Charm, ineffable as it is, can be a difficult part of the actor’s art to discuss, but it’s the key to Streep’s recent work. Her charm flows from the facility with which she lets us see her characters thinking without belaboring the matter, with no ponderous pauses or mugging. There’s just something extremely compelling about watching Streep’s face as the synapses fire behind it. At its best, this charm is like a lantern, illuminating the films in which she stars. The Devil Wears Prada, a highlight of her late-career film work, hinges on it. Miranda Priestly may be the boss from hell, but there’s a warmth and even occasional vulnerability in Streep’s portrayal. Unlike her real-life analogue Anna Wintour, who famously hides behind enormous sunglasses and a bob that acts like the walls of Troy, Streep’s Miranda wants on some level to be known, both by her estranged husband and her protégée. In The Post, she modeled her portrait of Katharine Graham in part on an audiobook of Graham reading her own memoir, and imbued the character with softness and warmth, fumbling with her reading glasses and greeting patronizing comments from the men around her with a smile. Along with the script, Streep’s performance added a new layer to the political thriller familiar from All the President’s Men, in which Graham never appears and is only mentioned as the owner who will get “her tit caught in a big fat wringer” if Woodward and Bernstein’s exposé is published. (The real-life Graham responded, “Got any more messages for me, Carl?” when Bernstein conveyed the threat.) The film becomes not just the story of the dogged reporters who took down a presidency, but also the story of a woman coming into her own power, despite the underestimations of both her male colleagues and herself.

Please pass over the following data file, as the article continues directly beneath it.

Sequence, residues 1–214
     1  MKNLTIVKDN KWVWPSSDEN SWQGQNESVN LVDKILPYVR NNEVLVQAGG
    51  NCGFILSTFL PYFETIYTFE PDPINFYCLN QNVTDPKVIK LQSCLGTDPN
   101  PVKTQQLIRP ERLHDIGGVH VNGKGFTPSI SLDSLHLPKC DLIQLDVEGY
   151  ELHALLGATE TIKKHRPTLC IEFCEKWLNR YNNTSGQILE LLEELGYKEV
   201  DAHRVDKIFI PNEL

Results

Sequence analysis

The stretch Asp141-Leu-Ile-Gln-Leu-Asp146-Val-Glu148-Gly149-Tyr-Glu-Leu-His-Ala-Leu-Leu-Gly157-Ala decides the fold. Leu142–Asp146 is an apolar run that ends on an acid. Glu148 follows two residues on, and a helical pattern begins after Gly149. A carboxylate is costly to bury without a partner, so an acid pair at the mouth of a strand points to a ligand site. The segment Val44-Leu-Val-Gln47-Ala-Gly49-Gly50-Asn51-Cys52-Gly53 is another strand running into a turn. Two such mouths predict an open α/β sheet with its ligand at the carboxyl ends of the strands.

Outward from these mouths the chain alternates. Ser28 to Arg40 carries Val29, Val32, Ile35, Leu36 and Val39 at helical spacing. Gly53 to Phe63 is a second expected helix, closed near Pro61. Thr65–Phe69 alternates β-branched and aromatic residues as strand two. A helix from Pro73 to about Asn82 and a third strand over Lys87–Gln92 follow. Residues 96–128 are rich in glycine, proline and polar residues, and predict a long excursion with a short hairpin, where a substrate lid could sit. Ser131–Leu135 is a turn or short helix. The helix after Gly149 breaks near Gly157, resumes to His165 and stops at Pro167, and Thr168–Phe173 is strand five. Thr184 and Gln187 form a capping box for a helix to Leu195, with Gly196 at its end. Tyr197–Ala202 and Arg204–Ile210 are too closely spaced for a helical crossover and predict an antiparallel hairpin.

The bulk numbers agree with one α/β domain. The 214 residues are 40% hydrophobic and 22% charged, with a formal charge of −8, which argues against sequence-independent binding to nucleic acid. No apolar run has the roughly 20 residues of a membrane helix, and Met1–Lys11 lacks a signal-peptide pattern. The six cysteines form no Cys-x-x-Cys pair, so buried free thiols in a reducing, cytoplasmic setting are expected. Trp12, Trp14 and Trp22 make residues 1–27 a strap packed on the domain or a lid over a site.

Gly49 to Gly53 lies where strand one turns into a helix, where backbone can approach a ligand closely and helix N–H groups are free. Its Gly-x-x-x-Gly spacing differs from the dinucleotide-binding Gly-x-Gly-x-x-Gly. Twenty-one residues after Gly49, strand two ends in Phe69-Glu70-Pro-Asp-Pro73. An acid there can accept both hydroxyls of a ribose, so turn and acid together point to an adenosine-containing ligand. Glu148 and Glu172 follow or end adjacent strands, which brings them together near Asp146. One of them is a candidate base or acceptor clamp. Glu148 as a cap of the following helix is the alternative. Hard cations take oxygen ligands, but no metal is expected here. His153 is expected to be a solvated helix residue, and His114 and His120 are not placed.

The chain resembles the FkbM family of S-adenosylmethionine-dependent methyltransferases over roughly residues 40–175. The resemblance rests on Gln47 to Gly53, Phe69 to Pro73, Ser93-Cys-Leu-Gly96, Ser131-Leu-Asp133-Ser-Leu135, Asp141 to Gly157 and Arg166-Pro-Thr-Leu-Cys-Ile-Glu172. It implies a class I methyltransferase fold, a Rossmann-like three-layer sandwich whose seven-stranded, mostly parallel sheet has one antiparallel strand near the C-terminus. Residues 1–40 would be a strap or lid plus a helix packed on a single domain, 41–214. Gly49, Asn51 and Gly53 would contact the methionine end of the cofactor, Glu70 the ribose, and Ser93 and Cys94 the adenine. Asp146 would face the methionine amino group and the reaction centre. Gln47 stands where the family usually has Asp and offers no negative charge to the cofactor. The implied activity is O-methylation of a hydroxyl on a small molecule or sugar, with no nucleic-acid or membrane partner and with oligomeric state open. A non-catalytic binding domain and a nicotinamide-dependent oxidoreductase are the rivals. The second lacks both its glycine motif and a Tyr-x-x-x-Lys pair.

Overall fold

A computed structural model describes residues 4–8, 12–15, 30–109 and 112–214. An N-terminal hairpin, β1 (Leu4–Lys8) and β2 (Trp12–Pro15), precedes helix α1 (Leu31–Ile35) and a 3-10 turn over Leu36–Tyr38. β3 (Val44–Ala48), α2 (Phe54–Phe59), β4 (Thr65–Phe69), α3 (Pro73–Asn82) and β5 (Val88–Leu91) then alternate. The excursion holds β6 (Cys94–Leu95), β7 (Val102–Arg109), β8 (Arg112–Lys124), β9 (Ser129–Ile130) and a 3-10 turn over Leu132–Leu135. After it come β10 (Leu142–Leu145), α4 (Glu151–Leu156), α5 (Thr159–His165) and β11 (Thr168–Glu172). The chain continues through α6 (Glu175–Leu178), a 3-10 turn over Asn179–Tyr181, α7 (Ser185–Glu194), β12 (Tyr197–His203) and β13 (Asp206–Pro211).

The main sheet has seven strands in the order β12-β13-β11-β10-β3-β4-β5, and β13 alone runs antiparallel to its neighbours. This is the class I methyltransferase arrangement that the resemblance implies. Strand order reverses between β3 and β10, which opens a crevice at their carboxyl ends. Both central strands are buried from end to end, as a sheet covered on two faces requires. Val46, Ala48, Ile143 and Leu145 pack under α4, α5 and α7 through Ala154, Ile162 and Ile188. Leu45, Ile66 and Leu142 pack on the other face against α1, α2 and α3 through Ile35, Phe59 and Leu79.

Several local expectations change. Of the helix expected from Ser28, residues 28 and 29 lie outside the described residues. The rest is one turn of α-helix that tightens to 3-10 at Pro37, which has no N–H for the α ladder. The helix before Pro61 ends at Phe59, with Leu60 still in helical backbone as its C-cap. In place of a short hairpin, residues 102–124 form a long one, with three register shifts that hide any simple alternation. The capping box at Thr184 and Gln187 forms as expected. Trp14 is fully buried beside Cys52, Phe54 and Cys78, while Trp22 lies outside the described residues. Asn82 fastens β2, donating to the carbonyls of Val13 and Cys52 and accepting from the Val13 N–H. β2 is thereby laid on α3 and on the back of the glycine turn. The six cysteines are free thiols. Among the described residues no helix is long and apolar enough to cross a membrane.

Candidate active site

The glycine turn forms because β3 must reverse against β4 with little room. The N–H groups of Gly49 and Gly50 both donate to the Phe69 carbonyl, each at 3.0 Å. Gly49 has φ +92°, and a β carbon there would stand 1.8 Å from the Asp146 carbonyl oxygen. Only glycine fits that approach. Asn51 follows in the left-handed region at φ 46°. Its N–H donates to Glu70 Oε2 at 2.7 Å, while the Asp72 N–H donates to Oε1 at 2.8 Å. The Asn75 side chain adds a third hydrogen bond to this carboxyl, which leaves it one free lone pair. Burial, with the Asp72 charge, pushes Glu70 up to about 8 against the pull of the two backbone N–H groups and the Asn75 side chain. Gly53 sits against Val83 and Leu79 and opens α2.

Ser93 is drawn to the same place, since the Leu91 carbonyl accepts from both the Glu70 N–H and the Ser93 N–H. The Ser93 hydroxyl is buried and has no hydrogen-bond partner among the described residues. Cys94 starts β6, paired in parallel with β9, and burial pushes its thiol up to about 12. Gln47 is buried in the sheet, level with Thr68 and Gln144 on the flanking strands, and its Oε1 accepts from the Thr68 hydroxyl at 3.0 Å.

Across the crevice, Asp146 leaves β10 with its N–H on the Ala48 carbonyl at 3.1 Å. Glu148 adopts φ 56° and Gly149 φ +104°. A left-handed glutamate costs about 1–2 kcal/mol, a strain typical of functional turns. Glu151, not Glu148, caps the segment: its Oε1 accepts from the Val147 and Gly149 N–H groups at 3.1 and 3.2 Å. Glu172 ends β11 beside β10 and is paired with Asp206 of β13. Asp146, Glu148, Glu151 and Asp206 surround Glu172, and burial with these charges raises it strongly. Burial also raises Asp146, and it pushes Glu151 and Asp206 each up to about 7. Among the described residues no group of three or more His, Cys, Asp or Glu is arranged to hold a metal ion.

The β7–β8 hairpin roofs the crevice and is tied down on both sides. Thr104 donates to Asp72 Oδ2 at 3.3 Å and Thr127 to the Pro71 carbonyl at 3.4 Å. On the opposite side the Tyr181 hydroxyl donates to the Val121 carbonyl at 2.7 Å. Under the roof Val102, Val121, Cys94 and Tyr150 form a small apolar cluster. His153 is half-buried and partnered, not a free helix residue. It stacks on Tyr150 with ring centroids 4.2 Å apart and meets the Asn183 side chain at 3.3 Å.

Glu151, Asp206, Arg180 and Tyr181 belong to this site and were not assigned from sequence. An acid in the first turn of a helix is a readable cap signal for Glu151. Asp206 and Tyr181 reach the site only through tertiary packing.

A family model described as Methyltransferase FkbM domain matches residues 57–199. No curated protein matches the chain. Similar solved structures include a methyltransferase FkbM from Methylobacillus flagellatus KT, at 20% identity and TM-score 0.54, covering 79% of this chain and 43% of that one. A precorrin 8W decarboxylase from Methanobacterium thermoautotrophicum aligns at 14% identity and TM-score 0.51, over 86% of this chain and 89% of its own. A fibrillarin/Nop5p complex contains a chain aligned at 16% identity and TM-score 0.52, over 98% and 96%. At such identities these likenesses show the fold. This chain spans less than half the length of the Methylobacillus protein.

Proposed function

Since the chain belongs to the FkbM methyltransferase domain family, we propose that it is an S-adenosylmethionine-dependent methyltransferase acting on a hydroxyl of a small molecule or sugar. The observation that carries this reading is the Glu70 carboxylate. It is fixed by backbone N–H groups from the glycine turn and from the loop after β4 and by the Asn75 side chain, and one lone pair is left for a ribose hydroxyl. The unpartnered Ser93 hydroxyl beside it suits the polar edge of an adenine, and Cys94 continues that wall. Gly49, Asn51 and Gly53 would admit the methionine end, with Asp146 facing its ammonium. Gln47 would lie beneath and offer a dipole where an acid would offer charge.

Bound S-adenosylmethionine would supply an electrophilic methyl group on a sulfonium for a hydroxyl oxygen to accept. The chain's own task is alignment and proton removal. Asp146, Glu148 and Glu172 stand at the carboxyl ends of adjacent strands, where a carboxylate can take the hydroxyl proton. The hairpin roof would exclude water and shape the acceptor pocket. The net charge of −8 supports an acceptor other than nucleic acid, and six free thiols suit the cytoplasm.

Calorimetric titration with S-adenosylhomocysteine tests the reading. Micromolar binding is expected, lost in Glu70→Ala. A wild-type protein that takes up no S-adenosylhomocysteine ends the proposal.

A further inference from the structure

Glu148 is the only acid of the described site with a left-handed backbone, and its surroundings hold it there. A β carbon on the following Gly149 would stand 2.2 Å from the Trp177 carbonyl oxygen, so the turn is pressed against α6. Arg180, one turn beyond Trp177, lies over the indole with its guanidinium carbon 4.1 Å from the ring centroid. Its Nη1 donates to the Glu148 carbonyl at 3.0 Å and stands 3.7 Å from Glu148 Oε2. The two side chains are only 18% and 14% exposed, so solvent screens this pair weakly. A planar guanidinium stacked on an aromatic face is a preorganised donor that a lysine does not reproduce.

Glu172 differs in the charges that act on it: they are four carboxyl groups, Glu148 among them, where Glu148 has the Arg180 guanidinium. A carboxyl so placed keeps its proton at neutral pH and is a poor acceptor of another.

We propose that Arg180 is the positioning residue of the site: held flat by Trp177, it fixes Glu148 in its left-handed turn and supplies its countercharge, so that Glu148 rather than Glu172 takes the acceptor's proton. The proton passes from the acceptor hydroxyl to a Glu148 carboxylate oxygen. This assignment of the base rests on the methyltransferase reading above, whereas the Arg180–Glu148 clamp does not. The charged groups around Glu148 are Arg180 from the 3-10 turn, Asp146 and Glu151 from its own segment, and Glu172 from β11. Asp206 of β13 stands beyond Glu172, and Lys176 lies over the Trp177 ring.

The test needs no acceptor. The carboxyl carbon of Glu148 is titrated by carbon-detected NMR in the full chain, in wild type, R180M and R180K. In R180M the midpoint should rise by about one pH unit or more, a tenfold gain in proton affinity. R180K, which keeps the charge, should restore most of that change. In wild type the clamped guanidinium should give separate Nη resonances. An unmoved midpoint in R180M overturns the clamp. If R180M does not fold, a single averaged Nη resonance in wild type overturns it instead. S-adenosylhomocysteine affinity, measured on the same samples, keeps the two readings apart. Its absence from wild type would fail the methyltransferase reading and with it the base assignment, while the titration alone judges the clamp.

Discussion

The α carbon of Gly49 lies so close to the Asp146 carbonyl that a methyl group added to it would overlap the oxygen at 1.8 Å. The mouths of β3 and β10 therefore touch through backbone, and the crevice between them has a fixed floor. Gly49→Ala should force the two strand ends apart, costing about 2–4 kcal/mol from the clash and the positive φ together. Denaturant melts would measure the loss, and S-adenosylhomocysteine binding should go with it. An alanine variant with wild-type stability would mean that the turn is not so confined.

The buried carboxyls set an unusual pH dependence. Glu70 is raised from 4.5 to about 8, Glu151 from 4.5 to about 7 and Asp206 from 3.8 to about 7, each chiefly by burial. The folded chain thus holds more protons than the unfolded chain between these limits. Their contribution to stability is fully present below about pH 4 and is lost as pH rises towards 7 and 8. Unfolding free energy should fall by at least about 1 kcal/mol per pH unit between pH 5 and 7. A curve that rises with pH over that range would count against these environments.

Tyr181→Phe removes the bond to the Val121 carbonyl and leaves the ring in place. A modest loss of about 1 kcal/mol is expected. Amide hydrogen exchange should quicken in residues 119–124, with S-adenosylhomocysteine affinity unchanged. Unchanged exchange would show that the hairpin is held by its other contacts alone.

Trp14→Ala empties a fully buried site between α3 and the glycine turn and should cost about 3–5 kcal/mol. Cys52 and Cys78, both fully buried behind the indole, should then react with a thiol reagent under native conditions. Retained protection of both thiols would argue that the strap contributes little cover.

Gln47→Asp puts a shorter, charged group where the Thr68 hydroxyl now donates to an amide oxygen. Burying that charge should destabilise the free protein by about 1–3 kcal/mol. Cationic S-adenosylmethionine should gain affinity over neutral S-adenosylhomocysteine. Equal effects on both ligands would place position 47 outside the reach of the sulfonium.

Over the years, however, it has come to feel as if Streep either cannot or would not tamp down that charm. Many actors would kill to be so innately charismatic, but if you are an actor of Streep’s immense range, it can be a liability. Not every person is charming, and ingratiating oneself to the audience does not serve every project. In Into the Woods, Streep’s Witch was, despite her character’s protestations to the contrary, a little bit too nice. And in The Iron Lady, she endowed Margaret Thatcher with a plucky aplomb that undermined her real-life monstrousness. When Streep’s Thatcher describes raising taxes on the poor, it’s not far off from how her version of Julia Child might discuss making a perfect soufflé. Even in a scene where Thatcher lectures a doctor about how kids these days feel too much and don’t think enough, you can’t help but, well, feel for her.